Plymouth Gran Fury

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Plymouth Gran Fury
Plymouth Caravelle/Caravelle Salon police car (Canada)
Automotive industryChrysler Corporation
Production1975–1977
1980-1989
AssemblySt. Louis, Missouri, United States
Kenosha, Wisconsin, United States (1987-89)
Windsor, Ontario, Canada
PredecessorPlymouth Fury
Automobile layoutFR layout

The Plymouth automobile Gran Fury was an Automobile manufactured by the Chrysler Corporation from 1975 to 1977, and again from 1980 to 1989.

Before 1975, the top line models in Plymouth's Fury series were known as the "Fury Gran Coupe" and "Fury Gran Sedan"­. The Fury Gran Coupe model was introduced in 1970 as a hardtop coupe. A "Fury Gran Coupe" hardtop sedan was also avaialbe in 1971, but in 1972 it was renamed "Fury Gran Sedan". The Gran Coupe and Gran Sedan models continued in 1973 and 1974.

Contents

1975-1977


First generation
Production1975–1977
Car classificationFull-size
Car body style2-door Coupe
4-door Sedan (car)
4-door Station wagon
Automobile platformC-body
RelatedChrysler Newport
Chrysler New Yorker
Dodge Monaco

In 1975, the mid-size Plymouth Satellite was restyled and renamed Plymouth Fury. As a result, the previous full-sized Fury became known as the Gran Fury. This generation, was available as a 4-door sedan, 4-door hardtop, 4-door wagon and 2-door coupe. The Gran Fury, however, only lasted from 1975 to 1977, when all of Plymouth's Full-size C-body models were dropped.

1980-1981


Second generation
Production1980–1981
Car classificationFull-size
Car body style4-door Sedan (car)
Automobile platformR-body
Internal combustion engine3.7 L Chrysler Slant 6 engine I6
5.2 L LA V8
5.9 L LA V8
Transmission (mechanics)3-speed A727 automatic
3-speed A904 Automatic transmission
RelatedChrysler Newport
Chrysler New Yorker
Dodge St. Regis

In 1980 the Gran Fury returned, available only as a 4-door sedan, this time based on the R platform, which was introduced for 1979. Nearly identical to the concurrent Chrysler Newport, it was intended to satisfy dealer requests for a lower-priced Full-size model, but more importantly to fulfil fleet orders, primarily for police and taxi use. The second-generation Gran Fury was also short-lived, and was discontinued midway through the 1981 model year along with the other R-body models. This can be mainly attributed to poor fuel economy, as well as its outdated platform. The "new" R-body was actually Chrysler's old mid-size B-body, introduced in 1962 and updated in 1971.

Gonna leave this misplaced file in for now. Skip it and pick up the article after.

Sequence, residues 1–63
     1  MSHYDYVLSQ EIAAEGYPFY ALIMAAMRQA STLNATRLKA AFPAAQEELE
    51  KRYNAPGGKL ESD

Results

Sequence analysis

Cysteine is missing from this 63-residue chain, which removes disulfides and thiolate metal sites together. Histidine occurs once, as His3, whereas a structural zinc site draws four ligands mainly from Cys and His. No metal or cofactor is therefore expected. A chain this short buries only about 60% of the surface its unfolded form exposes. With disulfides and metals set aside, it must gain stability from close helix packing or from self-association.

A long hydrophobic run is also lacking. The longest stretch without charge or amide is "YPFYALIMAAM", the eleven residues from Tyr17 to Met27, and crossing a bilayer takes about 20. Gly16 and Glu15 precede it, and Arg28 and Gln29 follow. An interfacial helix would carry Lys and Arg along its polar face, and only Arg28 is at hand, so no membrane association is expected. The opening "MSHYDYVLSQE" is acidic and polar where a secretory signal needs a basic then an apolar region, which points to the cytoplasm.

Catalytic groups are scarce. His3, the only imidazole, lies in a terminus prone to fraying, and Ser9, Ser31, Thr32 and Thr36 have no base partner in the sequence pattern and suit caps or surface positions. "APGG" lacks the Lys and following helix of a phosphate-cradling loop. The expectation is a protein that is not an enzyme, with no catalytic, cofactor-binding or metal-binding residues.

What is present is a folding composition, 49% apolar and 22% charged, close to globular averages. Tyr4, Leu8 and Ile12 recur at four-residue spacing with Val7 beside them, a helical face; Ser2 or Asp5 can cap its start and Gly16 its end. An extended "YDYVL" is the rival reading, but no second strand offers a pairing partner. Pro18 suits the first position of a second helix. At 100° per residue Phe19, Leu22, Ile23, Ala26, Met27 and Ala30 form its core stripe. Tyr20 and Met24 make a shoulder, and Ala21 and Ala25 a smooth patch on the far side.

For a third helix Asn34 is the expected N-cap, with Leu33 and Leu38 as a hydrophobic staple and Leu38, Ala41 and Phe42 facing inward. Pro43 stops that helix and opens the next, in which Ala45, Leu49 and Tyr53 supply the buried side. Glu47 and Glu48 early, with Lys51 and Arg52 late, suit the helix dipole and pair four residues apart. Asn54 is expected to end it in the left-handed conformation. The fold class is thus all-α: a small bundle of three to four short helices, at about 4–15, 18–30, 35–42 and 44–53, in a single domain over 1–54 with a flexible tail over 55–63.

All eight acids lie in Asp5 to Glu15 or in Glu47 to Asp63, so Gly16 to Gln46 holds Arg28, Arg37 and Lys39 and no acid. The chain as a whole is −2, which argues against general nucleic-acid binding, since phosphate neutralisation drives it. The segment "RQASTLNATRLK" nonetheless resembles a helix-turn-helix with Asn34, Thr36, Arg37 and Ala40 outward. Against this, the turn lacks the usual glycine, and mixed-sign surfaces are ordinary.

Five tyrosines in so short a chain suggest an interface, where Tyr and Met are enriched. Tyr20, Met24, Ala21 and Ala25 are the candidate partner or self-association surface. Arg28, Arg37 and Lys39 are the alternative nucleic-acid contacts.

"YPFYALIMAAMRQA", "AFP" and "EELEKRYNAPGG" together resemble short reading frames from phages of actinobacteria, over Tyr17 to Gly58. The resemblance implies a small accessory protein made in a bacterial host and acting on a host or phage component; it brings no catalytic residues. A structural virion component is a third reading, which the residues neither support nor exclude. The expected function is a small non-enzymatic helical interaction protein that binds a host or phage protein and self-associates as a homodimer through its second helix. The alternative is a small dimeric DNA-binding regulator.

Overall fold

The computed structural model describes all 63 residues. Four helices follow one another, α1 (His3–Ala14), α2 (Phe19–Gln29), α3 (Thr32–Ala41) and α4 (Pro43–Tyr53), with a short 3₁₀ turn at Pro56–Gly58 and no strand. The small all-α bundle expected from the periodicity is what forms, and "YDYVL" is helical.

Like its sibling, the Dodge St. Regis, the R-body Gran Fury was mainly popular among fleet customers, especially police departments, with few sold to private retail customers. The 1981 Gran Fury was also the last full-size car to bear the Plymouth name, until the brand's demise twenty years later.

1982-1989


Third generation
3rd-gen Plymouth Gran Fury
Also calledPlymouth Caravelle
Plymouth Caravelle Salon
Production1982–1989
Car classificationMid-size
Car body style4-door Sedan (car)
Automobile platformM-body
Internal combustion engine3.7 L Chrysler Slant 6 engine I6
5.2 L LA V8
5.9 L LA V8
Transmission (mechanics)3-speed A727 automatic
3-speed A904 automatic
3-speed A999 automatic
Wheelbase112.6 in (2860 mm)
Length204.6 in (5197 mm)
Width72.4 in (1839 mm)
Height55.1 in (1400 mm)
RelatedChrysler Fifth Avenue
Chrysler New Yorker
Dodge Diplomat

In 1982, Plymouth launched the last car to carry the Gran Fury name, this time using the mid-size M platform, which it shared with the Chrysler Fifth Avenue (called "New Yorker" for 1982) and the Dodge Diplomat. In addition to the R-body Gran Fury, the M-body Gran Fury replaced the Chrysler LeBaron, which had moved to the Compact car K platform that year. Canada had a Plymouth M body since 1977 but under the Caravelle name.

Although available to the general public, the 1980s Gran Fury was far more popular with police departments and other fleet customers, primarily since the car was reasonably priced and had a conventional drivetrain with proven components that could withstand a good deal of abuse. This generation of the Gran Fury sold in respectable numbers. However, despite having the same base prices as the Gran Fury (just under $12,000 USD for their final year), the Diplomat always outsold it, usually by several thousand units each year. The Chrysler Fifth Avenue's total sales were always more than that of the Gran Fury and Diplomat's by far, even though it generally cost about $6,000 USD more. Declining sales, a lack of advertising, and general old age (the platform dated back to the 1976 Plymouth Volare and Dodge Aspen) eventually contributed to the model's demise in 1989.

Production Figures 1982-1989
Year Units
1982 18,111
1983 15,739
1984 14,516
1985 19,102
1986 14,761
1987 10,377
1988 11,421
1989 approx. 5,000

Canada

The M-body Gran Fury was also sold in Canada from 1977 to 1989 as the Plymouth Caravelle, and later as the Caravelle Salon, after the Front-wheel drive Caravelle debuted there for 1983. Like the Diplomat, a 2-door coupe was available from 1977-1982.

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